“The European Parliament is ridiculous. Very ridiculous. I welcome those of you who made the effort to come to the chamber. But the fact that only around 30 MEPs have shown up for this debate amply demonstrates that this parliament is not serious.”
A visibly angry Jean-Claude Juncker, president of the European Commission, took aim at absentee deputies on Tuesday morning during a session held to take stock of Malta’s six-month EU presidency.
At the time of Juncker’s outburst, fewer than 5% of the chamber’s 751 seats in Strasbourg had someone sitting in them. Speaking in front of Malta’s prime minister, Joseph Muscat, Juncker hinted that MEPs were belittling the EU’s smallest member.
Low attendance at plenary sessions is a regular occurrence
“If Mr Muscat were Mrs Merkel, which is hard to imagine, or Mr Macron, which is easier to imagine, we would have a full house,” he said in derisive tones, beginning his sentence in French and ending it in English for greater emphasis.
His reaction drew an immediate response. In an unusual public clash between top EU representatives, the president of the European Parliament, Antonio Tajani of Italy, admonished Juncker for speaking in such a harsh tone.
“I ask you, Mr President, to express yourself in a more respectful way. You may criticize the Parliament, but it is not up to the Commission to control Parliament, rather the other way around,” he said to a round of applause.
Then Juncker hit back.
“There are very few members in the plenary to control the Commission. You are ridiculous,” he insisted. “I will never again, I will never again attend a meeting of this kind. The Commission is under the control of Parliament, but the parliament has to respect even the presidencies of smaller countries, which the parliament is not doing.”
Later, both leaders held a private meeting at which Juncker apologized for his choice of words.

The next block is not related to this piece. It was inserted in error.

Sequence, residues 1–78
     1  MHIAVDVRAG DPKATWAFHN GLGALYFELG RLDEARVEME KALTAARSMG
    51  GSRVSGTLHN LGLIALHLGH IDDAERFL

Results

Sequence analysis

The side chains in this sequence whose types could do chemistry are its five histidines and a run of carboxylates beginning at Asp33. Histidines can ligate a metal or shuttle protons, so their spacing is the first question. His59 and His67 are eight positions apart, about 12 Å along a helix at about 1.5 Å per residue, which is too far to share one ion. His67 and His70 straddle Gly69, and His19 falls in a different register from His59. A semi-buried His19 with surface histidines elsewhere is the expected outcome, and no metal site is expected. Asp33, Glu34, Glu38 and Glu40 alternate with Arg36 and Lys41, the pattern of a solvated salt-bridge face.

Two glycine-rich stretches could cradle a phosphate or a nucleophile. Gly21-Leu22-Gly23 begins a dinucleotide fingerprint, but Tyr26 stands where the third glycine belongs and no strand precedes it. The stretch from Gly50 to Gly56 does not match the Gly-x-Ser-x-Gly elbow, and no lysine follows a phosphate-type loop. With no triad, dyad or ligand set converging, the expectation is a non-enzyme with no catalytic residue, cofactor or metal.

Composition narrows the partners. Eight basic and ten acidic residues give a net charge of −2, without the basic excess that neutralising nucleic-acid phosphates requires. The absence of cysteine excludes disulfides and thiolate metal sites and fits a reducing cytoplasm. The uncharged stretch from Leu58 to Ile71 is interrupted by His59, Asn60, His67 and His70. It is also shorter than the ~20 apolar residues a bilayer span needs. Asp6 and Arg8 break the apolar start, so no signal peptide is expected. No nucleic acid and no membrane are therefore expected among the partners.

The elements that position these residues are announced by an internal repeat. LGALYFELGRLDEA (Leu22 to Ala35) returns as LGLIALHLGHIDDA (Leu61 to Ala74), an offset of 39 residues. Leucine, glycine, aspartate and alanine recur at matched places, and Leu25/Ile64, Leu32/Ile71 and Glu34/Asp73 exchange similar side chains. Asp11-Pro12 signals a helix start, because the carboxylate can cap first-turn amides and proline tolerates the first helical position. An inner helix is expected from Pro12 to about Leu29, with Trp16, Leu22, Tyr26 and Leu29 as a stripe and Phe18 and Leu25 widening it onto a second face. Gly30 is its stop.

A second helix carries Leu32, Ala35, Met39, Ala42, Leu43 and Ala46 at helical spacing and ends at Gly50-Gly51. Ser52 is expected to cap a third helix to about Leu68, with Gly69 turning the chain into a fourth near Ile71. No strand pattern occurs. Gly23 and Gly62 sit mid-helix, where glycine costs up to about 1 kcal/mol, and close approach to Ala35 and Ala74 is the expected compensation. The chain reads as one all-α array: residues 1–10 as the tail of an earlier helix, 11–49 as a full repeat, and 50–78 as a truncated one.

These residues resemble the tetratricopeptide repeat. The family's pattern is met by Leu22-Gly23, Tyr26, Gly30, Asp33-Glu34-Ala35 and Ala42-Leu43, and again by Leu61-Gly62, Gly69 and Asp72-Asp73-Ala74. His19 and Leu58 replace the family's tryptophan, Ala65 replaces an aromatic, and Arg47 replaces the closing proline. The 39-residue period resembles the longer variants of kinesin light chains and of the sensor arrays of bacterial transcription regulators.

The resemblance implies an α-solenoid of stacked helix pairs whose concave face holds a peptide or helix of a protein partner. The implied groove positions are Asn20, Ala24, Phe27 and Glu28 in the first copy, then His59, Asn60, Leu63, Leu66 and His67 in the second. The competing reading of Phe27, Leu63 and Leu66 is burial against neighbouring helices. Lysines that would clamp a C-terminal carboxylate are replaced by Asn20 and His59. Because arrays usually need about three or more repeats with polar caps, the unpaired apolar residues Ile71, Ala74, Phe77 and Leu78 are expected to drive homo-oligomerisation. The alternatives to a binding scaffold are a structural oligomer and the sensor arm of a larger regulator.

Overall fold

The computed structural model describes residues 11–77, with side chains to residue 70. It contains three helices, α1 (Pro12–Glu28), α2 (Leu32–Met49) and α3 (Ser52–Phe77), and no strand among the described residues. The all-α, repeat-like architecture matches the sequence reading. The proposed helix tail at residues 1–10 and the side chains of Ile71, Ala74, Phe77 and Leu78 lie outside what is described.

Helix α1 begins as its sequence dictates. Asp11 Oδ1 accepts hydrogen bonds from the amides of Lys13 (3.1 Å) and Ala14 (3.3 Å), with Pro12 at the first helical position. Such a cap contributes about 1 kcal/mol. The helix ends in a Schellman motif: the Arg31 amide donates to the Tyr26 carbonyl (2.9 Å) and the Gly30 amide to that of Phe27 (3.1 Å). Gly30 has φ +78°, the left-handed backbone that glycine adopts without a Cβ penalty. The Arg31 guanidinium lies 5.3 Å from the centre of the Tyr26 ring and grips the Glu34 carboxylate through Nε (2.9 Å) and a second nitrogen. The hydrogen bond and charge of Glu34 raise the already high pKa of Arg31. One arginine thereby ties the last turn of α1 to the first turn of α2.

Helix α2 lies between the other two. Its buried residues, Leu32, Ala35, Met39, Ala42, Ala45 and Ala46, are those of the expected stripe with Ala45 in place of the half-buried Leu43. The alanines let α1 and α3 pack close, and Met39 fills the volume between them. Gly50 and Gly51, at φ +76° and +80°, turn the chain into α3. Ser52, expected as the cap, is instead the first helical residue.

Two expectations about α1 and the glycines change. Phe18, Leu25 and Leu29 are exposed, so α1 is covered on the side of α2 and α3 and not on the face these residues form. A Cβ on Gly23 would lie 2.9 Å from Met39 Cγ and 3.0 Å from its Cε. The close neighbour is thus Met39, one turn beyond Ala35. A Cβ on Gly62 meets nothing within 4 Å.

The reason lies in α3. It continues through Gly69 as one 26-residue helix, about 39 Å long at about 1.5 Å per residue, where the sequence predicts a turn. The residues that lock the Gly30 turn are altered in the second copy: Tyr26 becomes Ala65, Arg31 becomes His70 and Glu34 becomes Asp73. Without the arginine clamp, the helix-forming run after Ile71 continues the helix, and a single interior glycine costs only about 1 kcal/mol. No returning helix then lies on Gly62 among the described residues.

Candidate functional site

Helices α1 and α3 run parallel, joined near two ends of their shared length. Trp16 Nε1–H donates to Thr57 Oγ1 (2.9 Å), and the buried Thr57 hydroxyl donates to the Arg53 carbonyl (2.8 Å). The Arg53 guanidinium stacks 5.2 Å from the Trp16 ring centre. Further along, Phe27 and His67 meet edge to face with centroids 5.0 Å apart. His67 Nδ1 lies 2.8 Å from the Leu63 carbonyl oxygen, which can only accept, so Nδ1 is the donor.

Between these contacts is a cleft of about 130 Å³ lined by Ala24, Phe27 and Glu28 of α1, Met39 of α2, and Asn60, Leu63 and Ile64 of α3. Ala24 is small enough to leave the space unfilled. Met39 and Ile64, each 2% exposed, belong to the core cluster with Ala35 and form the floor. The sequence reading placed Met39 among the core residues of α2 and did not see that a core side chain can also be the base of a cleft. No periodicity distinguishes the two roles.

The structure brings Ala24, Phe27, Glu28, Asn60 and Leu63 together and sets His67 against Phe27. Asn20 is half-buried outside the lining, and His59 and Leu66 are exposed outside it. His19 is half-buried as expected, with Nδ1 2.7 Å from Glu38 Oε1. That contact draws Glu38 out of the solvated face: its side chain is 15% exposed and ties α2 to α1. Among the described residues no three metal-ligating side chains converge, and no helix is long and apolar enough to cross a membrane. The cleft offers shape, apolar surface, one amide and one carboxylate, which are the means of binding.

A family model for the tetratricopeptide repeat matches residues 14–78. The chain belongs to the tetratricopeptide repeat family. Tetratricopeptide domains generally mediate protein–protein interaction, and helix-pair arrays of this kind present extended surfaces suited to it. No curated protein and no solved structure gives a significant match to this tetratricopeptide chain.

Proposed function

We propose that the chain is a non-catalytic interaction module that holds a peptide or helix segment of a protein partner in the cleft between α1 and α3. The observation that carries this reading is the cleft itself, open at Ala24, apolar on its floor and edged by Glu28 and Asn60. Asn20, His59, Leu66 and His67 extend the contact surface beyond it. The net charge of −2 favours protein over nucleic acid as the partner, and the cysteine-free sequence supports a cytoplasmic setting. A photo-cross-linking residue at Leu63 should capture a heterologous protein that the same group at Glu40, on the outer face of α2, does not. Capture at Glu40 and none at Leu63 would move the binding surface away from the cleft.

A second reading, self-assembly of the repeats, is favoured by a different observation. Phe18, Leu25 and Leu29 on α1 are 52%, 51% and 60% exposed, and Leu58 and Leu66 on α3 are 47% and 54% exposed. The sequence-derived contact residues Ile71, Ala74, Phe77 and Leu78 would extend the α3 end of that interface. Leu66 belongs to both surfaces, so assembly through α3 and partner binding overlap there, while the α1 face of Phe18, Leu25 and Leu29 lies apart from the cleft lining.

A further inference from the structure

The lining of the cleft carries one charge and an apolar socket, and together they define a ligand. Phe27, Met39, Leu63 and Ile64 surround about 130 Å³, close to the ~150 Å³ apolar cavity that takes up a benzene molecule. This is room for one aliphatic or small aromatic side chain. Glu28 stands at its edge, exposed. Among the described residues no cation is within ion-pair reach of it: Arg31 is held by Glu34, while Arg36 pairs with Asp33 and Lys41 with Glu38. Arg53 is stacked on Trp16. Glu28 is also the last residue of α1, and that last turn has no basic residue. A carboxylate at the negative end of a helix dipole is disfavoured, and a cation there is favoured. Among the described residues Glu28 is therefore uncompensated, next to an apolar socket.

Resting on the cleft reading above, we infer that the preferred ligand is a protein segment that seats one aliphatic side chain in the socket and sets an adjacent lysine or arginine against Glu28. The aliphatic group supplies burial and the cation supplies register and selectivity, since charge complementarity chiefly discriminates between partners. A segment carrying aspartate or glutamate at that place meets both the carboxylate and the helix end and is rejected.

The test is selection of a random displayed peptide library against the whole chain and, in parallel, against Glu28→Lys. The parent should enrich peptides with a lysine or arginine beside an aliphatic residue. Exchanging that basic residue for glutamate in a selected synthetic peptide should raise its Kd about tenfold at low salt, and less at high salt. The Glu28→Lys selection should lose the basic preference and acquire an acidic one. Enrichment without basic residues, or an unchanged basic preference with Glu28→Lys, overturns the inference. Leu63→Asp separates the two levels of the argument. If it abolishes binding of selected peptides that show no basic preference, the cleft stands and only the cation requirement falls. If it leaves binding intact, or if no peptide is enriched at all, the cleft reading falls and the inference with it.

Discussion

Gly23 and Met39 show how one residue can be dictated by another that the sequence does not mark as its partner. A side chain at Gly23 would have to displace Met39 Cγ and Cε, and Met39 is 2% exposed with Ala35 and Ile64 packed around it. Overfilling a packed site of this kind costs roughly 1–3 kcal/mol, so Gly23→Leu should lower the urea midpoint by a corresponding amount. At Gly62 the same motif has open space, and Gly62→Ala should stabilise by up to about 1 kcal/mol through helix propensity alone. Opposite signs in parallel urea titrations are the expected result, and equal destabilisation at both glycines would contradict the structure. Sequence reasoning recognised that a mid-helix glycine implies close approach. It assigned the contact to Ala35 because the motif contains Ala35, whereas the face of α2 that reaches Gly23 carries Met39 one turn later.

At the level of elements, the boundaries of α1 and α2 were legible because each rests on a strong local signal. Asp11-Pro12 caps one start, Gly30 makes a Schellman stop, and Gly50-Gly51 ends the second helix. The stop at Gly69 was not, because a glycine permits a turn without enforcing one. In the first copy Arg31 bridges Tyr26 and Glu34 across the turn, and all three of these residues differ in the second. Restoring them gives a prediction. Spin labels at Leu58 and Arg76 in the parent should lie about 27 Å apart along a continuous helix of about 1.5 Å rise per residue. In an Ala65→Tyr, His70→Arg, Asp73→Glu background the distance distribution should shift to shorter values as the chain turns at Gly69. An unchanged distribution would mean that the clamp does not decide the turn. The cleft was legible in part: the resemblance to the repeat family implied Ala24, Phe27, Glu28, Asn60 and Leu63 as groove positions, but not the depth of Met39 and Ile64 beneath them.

A recurring image
Low attendance at plenary sessions is a regular occurrence. Some deputies blame it on the multiple committee meetings and working groups scheduled at overlapping times.
“The only solution is to stop scheduling meetings during session times; that would prevent this type of image,” said the Spanish Socialist eurodeputy Ramón Jáuregui, who said he was not at the session because he was attending a meeting at the time.
“I understand Juncker, although I don’t think he should have said it the way he said it, but I understand that the image of a relevant debate in parliament with so few members in the room is detrimental to the parliament itself,” added fellow socialist Enrique Guerrero, who has been a MEP since 2009.
I understand that the image of a debate with so few members in the room is detrimental
Socialist MEP Enrique Guerrero
Guerrero also pointed to better agenda-setting as a solution. But he noted that the Tuesday session was to assess an ended presidency, not to deal with future issues, and that this fact may have also played a role in the noticeable absenteeism.
By contrast, there was a full house to hear Matteo Renzi in 2014, when he had just been appointed prime minister of Italy, and more recently to hear António Guterres, the new secretary general of the United Nations.
English version by Susana Urra.